DIY Home

Itching to DIY But Don’t Have the Tools? There's a Solution.

Never pass on a project for lack of tools again.

February  8, 2022
Photo by Rocky Luten

As an avid at-home DIYer and a city-dweller, I know very well the limitations that a small space or budget can have on the projects you can take on. There was a time when all I really had in my tool arsenal was a drill, but now I’m the proud owner of three different power saws, two sanders, a sewing machine, and about a million little tools and accessories to go along with them. But not everyone has the room (or the desire!) to store this many tools. In fact, I actually ended up building a cabinet from scratch just to house all these things.

Enter: tool rentals. I was recently reminded of this ingenious resource by Instagram friend and incredible DIYer, Dominique Gebru (of @Dommdotcom). Usually, if I don’t have a tool myself, I enlist the help of my dad, who’s got at least one of everything (the guy has three 3-D printers, no joke), but I live over an hour away, and it’s not always convenient. You know what’s located five minutes down the road, though? A Home Depot. And that Home Depot rents a whole range of tools to accomplish any DIY, cleaning, or yard project, with pretty reasonable rates.

The best part? If you fall in love with the ease of use or convenience of a certain tool, you can add it to your wishlist and start building up your ultimate DIY toolkit—just consider the rental a nice little trial run.

Where to Rent:

Neighborhood Hardware Stores:

First thing’s first: check out the local hardware store to see if they do tool rentals (which they very well might!). Not only is it great to patronize a small, local business, but they might actually have the best deals in town.

Home Depot:

Everyone’s favorite brown and orange home-improvement warehouse has some fantastic tools for rent, many of which are made by the professional brand Makita, as opposed to, for example, the entry-priced brand Ryobi.


Similarly, Lowe’s offers a wide-range of tools for rent, from lawn care to power tools to industrial fans, ladders, and scaffolding.

Ace Hardware:

Much like the others, Ace Hardware also rents tools, but they vary from store to store, so be sure to call your local Ace to find out if they have the tool you’re looking for.

Types of Tools:

The types of tools you can rent from your hardware store of choice really run the gamut, and you might be shocked by just how much they have in stock to choose from. For outdoor and gardening projects, you can rent anything as “small” as a leaf blower to as large as a lawn mower. There are also augers, chainsaws, string trimmers, and more to accomplish projects like installing fences, creating garden beds, and maintaining landscaping.

In terms of cleaning, there are a range of heavy-duty tools, like pressure washers to clean the sides of the house, patio, or fences, carpet shampooers to tackle difficult-to-clean carpeting, and industrial vacuums to clean any and every mess.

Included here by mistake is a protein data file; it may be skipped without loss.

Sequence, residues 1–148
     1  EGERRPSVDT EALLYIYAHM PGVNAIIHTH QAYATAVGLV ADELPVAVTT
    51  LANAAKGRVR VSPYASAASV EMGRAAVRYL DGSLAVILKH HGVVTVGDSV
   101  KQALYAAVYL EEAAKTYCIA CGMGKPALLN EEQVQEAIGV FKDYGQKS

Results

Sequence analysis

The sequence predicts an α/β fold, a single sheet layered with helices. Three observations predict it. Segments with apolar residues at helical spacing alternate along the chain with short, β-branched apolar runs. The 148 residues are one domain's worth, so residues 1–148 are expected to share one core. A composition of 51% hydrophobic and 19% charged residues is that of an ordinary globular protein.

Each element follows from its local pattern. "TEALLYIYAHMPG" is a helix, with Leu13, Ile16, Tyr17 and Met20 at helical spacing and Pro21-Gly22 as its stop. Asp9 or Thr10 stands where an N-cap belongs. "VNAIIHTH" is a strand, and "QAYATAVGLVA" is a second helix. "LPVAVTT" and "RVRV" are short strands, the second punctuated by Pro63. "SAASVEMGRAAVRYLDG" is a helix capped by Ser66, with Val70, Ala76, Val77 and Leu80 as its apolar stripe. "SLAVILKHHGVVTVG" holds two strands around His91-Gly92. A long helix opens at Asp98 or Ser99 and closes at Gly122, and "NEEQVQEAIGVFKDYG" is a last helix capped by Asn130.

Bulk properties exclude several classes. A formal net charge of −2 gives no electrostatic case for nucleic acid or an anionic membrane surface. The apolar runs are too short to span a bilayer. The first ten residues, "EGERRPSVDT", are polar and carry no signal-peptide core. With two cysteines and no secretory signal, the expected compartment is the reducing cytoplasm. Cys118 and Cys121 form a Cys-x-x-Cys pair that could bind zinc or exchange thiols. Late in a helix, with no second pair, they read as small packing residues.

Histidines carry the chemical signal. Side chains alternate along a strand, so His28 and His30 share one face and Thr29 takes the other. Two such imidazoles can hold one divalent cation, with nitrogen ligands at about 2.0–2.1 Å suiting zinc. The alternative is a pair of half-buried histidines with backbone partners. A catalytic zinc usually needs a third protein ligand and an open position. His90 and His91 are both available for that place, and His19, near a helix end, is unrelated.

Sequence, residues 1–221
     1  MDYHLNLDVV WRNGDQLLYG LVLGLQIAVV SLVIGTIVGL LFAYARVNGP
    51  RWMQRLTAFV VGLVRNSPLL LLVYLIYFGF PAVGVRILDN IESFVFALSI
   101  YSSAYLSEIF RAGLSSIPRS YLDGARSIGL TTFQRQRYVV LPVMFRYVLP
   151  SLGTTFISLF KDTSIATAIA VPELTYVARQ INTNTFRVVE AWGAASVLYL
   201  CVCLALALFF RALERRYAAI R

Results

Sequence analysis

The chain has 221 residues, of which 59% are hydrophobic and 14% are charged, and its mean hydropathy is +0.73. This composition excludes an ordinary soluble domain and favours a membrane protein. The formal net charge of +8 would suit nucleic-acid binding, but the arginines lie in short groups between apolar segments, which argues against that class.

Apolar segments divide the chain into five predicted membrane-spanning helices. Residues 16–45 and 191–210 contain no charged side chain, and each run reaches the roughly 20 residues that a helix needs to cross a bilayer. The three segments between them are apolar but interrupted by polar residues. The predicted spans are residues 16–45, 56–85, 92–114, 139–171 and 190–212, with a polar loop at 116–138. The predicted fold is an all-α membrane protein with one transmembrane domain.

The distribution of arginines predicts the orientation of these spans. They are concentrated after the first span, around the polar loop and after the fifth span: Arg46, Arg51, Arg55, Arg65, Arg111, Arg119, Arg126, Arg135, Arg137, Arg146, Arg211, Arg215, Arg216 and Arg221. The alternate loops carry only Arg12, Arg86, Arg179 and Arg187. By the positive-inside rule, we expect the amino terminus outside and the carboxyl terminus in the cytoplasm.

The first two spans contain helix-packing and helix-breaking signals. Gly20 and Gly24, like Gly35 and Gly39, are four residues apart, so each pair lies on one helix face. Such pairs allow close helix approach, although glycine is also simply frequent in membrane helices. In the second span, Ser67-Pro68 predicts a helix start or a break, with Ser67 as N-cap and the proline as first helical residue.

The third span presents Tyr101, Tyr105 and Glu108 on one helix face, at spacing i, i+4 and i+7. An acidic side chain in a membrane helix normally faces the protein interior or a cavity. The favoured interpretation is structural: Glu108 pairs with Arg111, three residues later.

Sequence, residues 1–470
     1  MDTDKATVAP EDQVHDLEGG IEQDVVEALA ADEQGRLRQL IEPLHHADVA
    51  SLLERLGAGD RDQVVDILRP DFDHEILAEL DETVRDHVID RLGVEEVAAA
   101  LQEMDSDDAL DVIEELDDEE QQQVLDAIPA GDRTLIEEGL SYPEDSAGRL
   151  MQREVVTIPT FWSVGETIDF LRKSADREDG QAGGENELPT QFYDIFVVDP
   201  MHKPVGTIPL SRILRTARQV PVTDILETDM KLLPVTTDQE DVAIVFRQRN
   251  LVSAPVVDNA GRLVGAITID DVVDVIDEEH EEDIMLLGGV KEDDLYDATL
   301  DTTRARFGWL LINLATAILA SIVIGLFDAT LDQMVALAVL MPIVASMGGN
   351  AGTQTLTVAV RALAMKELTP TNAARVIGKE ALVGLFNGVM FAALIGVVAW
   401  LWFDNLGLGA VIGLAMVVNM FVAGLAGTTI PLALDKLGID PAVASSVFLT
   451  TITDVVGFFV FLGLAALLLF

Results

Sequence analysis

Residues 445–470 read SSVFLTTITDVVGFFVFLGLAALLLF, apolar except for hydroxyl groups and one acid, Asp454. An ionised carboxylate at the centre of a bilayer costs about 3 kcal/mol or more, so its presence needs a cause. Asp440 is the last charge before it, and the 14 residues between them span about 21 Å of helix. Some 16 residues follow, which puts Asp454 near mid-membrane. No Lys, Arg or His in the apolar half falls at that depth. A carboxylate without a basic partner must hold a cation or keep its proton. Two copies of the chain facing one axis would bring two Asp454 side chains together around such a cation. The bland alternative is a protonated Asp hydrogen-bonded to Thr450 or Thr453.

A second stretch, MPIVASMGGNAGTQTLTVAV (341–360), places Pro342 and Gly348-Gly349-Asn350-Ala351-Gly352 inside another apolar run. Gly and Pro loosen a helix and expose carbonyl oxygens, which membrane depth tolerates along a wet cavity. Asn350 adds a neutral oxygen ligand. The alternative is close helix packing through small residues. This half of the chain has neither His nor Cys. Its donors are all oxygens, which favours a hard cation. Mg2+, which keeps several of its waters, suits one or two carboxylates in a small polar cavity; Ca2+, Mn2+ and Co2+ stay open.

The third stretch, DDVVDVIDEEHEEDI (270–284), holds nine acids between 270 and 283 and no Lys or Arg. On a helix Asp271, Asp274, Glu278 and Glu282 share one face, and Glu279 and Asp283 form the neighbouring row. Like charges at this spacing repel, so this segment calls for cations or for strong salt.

For DIY tools (my favorite) you can rent for pretty much any project you could ever dream up. Kitchen cabinets can be redone with a rented paint sprayer, woodworking projects can be accomplished with miter and circular saws, furniture refinished with sanders, and your walls decorated with a drill.


As with anything else, you’ll want to compare prices from multiple places to ensure you’re getting the best, but all in all, I found the prices listed on Home Depot’s website, for example, to be really reasonable. You can usually rent per hour, per day, or per week, depending on the scope of the project you’re hoping to get done, so you’ll also want to compare the price of a tool itself vs. how much it will cost to rent for an extended period. Here’s a snapshot into what you might be spending on a rental:

  • Carpet shampooer: Approx. $22 per day
  • Leaf blower: Approx. $24 per day
  • 12-inch miter saw: Approx. $43 per day

A few More Things:

Similar to car rentals, there can be hidden fees when it comes to renting tools, like damage protection insurance (usually about 15 percent of the rental price), which is often optional but helpful for peace of mind in case a tool does break in your possession. You’ll also need a valid photo ID and credit card (not a debit card) to present upon pick-up, and most companies have first-come, first-serve tool rentals, meaning you usually aren’t able to reserve them ahead of time.

Have you ever rented a tool for a project? Tell us about your experience below!

See what other Food52 readers are saying.

  • Smaug
  • AntoniaJames
When I'm not writing & editing for Home52, I'm likely to be found DIY-ing a new piece of furniture (or restoring an old one), hanging things on the wall in my apartment, or watching hours of vintage RHONY.


Smaug February 8, 2022
Berkeley (CA) has a free tool borrowing program through the library system, with a good selection available. How this is financed, and whether it's done anywhere else, I don't know.
AntoniaJames February 8, 2022
Boulder has a similar program, through Resource Central - hand tools as well as power tools, with quite reasonable daily rental rates.

And then there's this: ;o)